DESPITE coronavirus and Brexit dominating the headlines this year, Labour’s not-so-subtle policy shift rightwards has not escaped the attention.
‘Wet wipe’ Keir Starmer has dispelled any notion that his Labour will be inclusive to the left this year.
Support for the leader is dwindling among members, the public and trade unions, ensuring he will not see the same level of activist support Corbyn enjoyed.
But then again, Sir Keir entered the fray to radically change the party back to anti-radical ideas.
Domestic gaffes have sidelined an underlying shift in foreign policy back towards the Blair years.
A 29-page document by Open Labour this month reviews the party’s recent record and proposes an ‘internationalist’ way forward.
Redaction had initially tipped Lisa Nandy, who co-wrote the document, to be a solid shadow foreign secretary, but this is a weak leaflet.
Thousands of words were written to “take up the mantle of Robin (Cook’s) biggest vision” for an internationalist policy.
And yet the Palestinian cause and the continued incursion into Yemen is hardly mentioned.
Yemen is really only mentioned in the context of alleged Iranian support for the Houthi rebels.
“Whilst there has quite correctly been widespread condemnation of the character of the Saudi intervention to restore the Yemeni government and its role in the humanitarian crisis engulfing the country, for instance, less left-wing ire has been reserved for Iran’s role in the 2015 coup and subsequent destabilisation via its Houthi proxies,” the document reads.
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It lauds Hillary Benn’s speech in support of air strikes in Syria, detests Nicolas Maduro’s “disastrous” regime (with no mention of powerful forces destabilising Venezuela), and spends more time slamming China and Russia than Saudi Arabia.
With anti-imperialists like these….
Last week Wayne David MP, Shadow Minister for the Middle East, told Redaction Politics that he fully endorsed the soft-left group’s pamphlet and that the party must stopped its “obsession with anti-imperialism”.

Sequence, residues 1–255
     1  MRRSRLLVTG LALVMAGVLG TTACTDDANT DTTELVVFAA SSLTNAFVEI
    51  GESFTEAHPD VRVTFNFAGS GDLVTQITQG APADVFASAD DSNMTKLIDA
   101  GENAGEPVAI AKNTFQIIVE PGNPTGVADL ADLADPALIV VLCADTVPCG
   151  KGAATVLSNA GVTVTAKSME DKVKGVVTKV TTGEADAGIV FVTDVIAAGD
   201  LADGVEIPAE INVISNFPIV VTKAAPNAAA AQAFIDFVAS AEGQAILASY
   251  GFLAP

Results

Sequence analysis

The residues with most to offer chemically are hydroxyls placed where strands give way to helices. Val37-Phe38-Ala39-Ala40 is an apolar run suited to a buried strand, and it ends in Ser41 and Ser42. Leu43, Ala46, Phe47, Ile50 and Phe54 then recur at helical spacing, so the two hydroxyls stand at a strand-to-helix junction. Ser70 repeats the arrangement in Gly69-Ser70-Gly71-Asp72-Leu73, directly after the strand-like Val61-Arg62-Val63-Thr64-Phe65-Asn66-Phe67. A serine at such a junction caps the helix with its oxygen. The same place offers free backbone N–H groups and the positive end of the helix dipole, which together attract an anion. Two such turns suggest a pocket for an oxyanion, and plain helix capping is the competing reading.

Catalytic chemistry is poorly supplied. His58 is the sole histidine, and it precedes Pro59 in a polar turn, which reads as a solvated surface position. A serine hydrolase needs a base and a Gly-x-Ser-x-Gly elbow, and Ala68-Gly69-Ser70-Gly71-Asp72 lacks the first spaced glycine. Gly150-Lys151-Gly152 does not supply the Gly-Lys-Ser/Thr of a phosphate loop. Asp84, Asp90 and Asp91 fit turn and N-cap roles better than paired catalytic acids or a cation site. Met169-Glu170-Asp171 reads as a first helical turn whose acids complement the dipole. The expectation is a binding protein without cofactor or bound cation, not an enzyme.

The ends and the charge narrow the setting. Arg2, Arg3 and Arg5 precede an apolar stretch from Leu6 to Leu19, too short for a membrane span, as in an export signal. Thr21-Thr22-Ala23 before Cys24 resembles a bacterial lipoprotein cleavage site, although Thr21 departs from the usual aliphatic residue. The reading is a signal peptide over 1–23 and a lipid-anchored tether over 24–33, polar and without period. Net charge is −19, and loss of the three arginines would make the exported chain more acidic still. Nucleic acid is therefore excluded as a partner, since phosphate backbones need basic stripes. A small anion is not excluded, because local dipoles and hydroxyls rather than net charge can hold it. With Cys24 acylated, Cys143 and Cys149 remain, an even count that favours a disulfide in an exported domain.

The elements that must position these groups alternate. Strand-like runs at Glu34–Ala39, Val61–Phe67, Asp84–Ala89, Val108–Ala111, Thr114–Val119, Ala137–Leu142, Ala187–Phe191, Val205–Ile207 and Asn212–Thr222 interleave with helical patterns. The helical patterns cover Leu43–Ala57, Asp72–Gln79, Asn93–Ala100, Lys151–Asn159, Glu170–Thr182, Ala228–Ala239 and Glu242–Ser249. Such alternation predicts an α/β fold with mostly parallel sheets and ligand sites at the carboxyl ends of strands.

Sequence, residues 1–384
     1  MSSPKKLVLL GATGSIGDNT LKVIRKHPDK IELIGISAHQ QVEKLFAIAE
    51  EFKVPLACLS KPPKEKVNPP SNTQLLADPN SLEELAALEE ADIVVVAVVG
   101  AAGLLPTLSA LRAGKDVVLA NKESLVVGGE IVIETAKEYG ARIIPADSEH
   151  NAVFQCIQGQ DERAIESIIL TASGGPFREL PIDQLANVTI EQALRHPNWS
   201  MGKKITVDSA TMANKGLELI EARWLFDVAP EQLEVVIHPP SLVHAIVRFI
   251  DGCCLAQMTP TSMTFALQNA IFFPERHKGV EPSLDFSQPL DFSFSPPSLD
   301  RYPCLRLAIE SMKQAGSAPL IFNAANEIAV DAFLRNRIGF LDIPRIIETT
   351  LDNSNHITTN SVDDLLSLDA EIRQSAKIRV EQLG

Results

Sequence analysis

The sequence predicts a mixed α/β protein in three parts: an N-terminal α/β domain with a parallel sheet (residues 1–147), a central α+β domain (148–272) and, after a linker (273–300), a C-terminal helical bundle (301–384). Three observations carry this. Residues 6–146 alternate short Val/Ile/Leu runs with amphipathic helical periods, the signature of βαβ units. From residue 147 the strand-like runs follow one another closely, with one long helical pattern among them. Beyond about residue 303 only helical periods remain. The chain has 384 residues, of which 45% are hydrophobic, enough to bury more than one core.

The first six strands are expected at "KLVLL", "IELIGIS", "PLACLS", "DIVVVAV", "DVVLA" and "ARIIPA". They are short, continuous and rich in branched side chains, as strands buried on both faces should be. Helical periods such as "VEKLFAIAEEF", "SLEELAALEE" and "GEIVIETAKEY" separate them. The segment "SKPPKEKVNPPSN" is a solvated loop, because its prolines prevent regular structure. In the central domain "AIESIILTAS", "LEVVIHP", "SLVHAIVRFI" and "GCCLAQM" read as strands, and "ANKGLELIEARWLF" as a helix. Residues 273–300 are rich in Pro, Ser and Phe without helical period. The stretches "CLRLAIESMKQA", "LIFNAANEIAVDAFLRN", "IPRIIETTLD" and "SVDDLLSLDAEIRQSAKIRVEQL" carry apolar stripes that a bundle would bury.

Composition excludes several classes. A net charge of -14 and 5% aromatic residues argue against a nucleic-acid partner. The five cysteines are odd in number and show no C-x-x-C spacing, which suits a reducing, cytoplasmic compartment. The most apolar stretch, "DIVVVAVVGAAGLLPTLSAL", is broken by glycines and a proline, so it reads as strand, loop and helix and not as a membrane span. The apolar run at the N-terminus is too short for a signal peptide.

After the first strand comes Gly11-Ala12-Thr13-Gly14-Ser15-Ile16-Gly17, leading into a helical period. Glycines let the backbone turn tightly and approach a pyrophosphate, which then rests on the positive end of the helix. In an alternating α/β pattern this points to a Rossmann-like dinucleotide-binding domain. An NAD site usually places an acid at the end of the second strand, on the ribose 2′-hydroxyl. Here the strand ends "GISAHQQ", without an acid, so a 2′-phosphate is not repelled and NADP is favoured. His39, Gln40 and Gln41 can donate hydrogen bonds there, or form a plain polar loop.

“There is a trenchant critique of the failings of “Corbynism” and its simplistic view of the world being divided between the ‘West and the Rest’,” he added.
But anti-imperialism was not the reason why Corbyn lost the 2019 election.
A YouGov poll from 2017 found that the majority of the public sided with Corbyn in opposing Britain’s last four interventions in Iraq (twice), Libya and Afghanisatan.
Among the reasons why voters could not bring themselves to vote Labour last December, foreign policy was barely a factor.
Under Corbyn, Labour was not deaf to the needs of veterans nor the wider public’s generally positive view of Britain’s armed forces.
The party put forward a new social contract for veterans covering areas such as mental health and homelessness.
In summary, the welfare of ex-serviceman was prioritise over sending troops into harms way in costly foreign interventions.
A manifesto based around peace and true internationalism – that is, speaking for the voiceless in Yemen and Palestine, criticising the powerful who exert unjust policy and, naturally, joining in objective condemnations with said powerful nations, is a winner, both morally and electorally.
The Open Labour document appears to wave Sir Keir’s Labour back to the Blair years, to the era when Labour became to be known as the party who launched the Iraq War.
It was Corbyn who radically changed that image – and if Starmer wants to maintain some semblance of leftist support (and general morality, for that matter), he must continue the anti-imperialist tradition set by his predecessor.